- Education Center
- Care Tools
- Clinic Finder
Blog Entries With Tag: set
Posted: Jul 18, 2013
When I first started to wear an insulin pump back in 2008, I didn’t realise that wearing one would restrict some of my clothing options. Living in Montreal, the fashionista capital of Canada (okay – there’s Toronto – aka mini-me USA – but they just don’t have that French flair like we do ).
It was sort of nice since January, when I took a pump break, not to have to spend the extra time to pick out clothing that would not reveal a bulge of George Michael aka GM (pun intended there – remember – I grew up with Benny Hill) my insulin pump. Now that I’ve been back on the pump for over a month now, I realise that I have to take extra time to figure out what to wear that will allow me easy access to George Michael. Hmmm, should have I had added that time factor into my application for DTC?
I did the stint for almost a month of wearing the infusion set in my arms. That was kind of neat – almost like I wasn’t wearing an infusion set except when I’d hit a muscle or nerve ending in my arm with the stainless steel infusion needle (found Contact Detach/Sure-T does this more than the Inset 2 sets). One thing I am going to try out if I can get some samples of shorter needle/cannula length for the infusion sets - just like I have done with the shorter 4mm pen needles I started to use back in April. My absortion with the shorter pen needle created no change in my BG's - which I thought it would due to my not being a slim gal (as I had told the RN when she gave me some samples of the BD 4mm pen needles said skin depths for absortipon of insulin doesn't change in the human body). Anyway, back to old GM, here I was tucking him into a sports bra – where I couldn’t believe that despite how hot it gets inbetween the girls – the insulin would keep on performing 100%. My fear, like other diabetics is that heat will deteriote our insulin – but after 3 days of using the same insulin in the cartridge – my blood sugars (BG) stayed stable.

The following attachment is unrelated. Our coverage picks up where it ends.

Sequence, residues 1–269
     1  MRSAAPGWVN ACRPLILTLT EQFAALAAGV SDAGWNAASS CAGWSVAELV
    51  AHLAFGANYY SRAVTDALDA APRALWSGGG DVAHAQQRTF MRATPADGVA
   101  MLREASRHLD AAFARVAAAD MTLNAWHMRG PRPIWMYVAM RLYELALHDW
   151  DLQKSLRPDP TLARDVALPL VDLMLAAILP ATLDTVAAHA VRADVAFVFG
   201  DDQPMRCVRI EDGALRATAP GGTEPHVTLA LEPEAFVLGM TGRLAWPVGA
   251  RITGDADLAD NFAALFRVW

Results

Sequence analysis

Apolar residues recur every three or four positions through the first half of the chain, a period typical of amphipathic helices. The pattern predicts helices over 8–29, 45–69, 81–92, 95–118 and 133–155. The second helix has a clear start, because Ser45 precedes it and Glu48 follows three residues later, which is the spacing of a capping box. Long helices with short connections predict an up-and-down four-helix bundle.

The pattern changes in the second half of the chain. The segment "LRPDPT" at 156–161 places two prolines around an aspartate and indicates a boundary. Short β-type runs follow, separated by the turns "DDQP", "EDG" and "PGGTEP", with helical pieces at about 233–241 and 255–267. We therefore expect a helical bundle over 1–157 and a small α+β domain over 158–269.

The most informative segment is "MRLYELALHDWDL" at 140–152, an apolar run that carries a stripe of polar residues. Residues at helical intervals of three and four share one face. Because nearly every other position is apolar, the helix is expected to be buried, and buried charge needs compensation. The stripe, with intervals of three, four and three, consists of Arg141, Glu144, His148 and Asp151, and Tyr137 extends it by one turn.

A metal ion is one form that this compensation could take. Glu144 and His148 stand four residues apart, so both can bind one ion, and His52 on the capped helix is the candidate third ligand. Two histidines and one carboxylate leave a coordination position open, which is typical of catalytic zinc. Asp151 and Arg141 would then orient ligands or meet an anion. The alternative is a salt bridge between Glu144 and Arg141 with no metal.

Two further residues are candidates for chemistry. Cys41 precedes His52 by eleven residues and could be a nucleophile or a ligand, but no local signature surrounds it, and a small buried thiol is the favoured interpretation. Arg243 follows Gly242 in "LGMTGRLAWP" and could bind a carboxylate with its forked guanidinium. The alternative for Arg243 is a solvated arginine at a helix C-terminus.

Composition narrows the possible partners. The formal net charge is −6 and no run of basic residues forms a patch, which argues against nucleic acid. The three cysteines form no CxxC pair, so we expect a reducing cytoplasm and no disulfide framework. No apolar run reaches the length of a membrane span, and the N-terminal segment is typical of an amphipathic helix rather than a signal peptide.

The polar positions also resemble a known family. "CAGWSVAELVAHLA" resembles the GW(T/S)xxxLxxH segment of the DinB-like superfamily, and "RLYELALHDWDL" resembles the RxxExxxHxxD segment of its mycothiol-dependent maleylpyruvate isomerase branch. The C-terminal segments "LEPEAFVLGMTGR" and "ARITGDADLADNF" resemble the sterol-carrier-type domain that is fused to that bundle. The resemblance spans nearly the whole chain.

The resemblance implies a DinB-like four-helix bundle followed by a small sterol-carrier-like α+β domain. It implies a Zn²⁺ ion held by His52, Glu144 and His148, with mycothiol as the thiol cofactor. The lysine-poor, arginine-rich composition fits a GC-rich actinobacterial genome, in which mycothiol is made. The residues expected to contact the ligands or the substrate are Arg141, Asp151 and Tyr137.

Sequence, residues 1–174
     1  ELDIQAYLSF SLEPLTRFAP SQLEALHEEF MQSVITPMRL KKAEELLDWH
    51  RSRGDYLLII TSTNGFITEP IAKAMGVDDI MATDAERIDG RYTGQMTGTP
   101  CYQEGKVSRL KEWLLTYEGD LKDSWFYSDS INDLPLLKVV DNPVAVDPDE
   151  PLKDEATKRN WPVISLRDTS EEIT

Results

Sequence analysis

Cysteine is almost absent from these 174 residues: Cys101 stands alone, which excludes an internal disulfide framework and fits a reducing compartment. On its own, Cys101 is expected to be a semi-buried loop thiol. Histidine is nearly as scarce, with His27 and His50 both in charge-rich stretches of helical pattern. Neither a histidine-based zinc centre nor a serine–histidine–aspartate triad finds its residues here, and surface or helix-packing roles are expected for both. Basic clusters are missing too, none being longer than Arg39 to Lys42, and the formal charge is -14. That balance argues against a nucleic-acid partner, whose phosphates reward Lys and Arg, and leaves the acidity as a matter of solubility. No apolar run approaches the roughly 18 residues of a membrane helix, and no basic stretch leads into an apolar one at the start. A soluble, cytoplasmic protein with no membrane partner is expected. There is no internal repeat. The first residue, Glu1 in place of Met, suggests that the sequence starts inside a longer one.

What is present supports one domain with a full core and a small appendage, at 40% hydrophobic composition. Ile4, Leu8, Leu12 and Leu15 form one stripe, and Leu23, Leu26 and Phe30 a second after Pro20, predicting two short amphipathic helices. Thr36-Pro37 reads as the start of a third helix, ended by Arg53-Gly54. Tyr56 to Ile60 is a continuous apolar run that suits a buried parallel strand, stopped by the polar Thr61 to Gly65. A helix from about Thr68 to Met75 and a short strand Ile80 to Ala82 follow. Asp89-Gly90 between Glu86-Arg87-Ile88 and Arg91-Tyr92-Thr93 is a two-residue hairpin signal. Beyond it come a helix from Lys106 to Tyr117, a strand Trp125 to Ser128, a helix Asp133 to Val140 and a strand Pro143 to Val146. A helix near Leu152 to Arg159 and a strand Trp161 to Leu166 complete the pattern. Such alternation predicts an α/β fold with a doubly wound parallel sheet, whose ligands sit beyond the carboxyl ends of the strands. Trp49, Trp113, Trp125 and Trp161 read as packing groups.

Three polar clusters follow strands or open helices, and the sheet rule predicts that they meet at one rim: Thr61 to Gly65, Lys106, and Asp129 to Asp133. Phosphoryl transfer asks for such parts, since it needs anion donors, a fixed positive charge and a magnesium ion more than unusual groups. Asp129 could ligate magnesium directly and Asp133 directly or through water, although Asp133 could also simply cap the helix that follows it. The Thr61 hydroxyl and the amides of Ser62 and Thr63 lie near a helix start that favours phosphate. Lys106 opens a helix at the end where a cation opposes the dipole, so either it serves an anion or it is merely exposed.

Actually, stable isn’t the word I should be using here. I’ve been experiencing hypos (low BG) more often - that almost reminded me of my days when I was MDI prior to going onto the pump (one of the reasons I went onto the pump in the first place was due to having frequent hypos. I sort of didn't understand how to use my combinations of insulin properly pre-2008, I was trying to learn how to do the poor man's pump method - but not quite doing it correctly. As I keep on telling pumpers who’ve never gone back to MDI since starting on the pump - being on the pump has taught me how to fine tune with ONE insulin and that with that knowledge - you can easily transferred over to using TWO insulins when doing MDI. It really isn't that difficult - honest - you've just got to know how to use your insulin(s) - and their little quirks.